The US dollar is that the strongest major currency thus far this month, boosted by surging yields
As my colleague Joe Perry noted in his Week Ahead report, it’ll be a busy week for US lawmakers, with Congress trying to discuss votes on a $3.5T welfare spending package, a $1.2T infrastructure bill, and an agreement to boost the debt ceiling before a possible partial government shutdown on Thursday. For the uninitiated, here may be a quick breakdown of where each bill stands as of writing:
The $1.2T infrastructure bill has already passed the Senate with help from Republicans, and Nancy Pelosi, the Speaker of the House, is optimistic that it’ll undergo the House of Representatives in the week .
The $3.5T social and environmental spending bill remains controversial, with Republicans and more centrist Democrats balking at the large tag – negotiations thereon front are likely to continue, with the headline sticker price potentially working its way lower because the two sides seek a compromise.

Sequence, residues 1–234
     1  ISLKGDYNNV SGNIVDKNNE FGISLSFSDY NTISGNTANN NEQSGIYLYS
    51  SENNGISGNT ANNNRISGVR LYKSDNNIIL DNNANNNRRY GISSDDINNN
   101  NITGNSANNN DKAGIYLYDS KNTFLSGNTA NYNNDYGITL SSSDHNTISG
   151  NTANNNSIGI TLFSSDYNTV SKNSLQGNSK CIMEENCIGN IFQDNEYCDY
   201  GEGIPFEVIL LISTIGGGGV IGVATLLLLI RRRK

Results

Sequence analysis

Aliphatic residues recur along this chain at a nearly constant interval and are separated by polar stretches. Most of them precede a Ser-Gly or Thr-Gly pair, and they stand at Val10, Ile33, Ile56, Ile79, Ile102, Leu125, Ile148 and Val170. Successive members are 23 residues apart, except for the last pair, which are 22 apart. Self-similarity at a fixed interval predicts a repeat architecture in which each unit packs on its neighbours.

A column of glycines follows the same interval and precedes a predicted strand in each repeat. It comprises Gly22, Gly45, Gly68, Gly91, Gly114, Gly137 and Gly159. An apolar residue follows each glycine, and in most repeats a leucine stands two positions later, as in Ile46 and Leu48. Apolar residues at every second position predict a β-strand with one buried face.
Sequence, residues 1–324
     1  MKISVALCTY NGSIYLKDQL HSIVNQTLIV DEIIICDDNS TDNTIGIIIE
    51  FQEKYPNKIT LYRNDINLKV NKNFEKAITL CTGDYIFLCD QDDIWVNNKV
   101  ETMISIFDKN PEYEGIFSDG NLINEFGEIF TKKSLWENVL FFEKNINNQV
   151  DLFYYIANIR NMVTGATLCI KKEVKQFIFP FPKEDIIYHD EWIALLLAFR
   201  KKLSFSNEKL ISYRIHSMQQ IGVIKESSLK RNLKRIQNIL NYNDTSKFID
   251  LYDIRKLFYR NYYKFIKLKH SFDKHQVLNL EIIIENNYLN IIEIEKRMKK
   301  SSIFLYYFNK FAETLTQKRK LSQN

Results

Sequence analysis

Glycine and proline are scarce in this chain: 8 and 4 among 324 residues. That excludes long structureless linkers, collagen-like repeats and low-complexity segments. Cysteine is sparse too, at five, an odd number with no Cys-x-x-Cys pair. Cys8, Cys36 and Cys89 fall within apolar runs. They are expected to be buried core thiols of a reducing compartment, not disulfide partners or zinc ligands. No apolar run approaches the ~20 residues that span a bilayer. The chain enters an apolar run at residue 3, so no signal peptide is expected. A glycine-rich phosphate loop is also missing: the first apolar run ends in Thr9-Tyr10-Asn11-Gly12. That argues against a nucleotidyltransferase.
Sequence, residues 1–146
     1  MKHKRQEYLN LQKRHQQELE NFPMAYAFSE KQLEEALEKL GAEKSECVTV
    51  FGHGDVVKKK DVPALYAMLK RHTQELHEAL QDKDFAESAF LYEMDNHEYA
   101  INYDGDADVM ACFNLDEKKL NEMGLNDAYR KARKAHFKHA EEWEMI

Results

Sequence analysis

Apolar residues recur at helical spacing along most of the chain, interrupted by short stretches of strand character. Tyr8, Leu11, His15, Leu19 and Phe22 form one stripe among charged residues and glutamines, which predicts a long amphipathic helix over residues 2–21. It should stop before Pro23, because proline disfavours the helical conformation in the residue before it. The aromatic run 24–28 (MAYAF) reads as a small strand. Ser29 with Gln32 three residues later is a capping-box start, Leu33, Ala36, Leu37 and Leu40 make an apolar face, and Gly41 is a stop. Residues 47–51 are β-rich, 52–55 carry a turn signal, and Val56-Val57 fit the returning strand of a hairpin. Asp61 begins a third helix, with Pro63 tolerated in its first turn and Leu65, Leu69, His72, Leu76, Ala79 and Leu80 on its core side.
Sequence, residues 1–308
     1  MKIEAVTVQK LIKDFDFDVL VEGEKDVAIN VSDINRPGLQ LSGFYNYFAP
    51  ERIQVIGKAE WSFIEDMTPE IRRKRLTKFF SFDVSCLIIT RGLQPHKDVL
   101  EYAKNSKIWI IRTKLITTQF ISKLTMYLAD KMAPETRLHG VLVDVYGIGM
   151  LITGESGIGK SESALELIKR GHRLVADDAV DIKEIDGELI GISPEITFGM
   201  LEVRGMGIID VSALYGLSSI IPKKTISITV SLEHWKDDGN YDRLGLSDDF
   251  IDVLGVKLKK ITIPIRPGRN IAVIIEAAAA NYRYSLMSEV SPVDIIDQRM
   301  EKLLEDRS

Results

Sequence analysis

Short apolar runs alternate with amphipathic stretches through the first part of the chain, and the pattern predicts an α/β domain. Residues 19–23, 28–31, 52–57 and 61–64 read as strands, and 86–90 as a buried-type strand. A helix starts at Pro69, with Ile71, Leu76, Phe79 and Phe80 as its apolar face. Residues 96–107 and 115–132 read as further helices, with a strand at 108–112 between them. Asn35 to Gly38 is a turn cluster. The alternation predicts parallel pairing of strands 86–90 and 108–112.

Both parties recognize the tremendous cost of shutting down the govt during a worldwide health crisis, so most analysts expect a minimum of a short-term agreement to stay the proverbial lights on before Thursday’s deadline.
Not surprisingly, given the close correlation between 2-year bond yield and currency values, the US dollar is that the strongest major currency thus far this month. After retracing to its 100-day EMA to start out September, the US dollar index is once more on the verge of breaking out above previous resistance within the 93.20-50 zone to its highest level thus far this year:
A confirmed break above 93.50 could open the door for a continuation toward the Q4 2020 highs for the dollar index within the mid-94.00s next. Meanwhile, even a pullback from this resistance area would go away the bulls on top of things on a medium-term basis unless the dollar index drops below its 100-day EMA within the 92.30 area.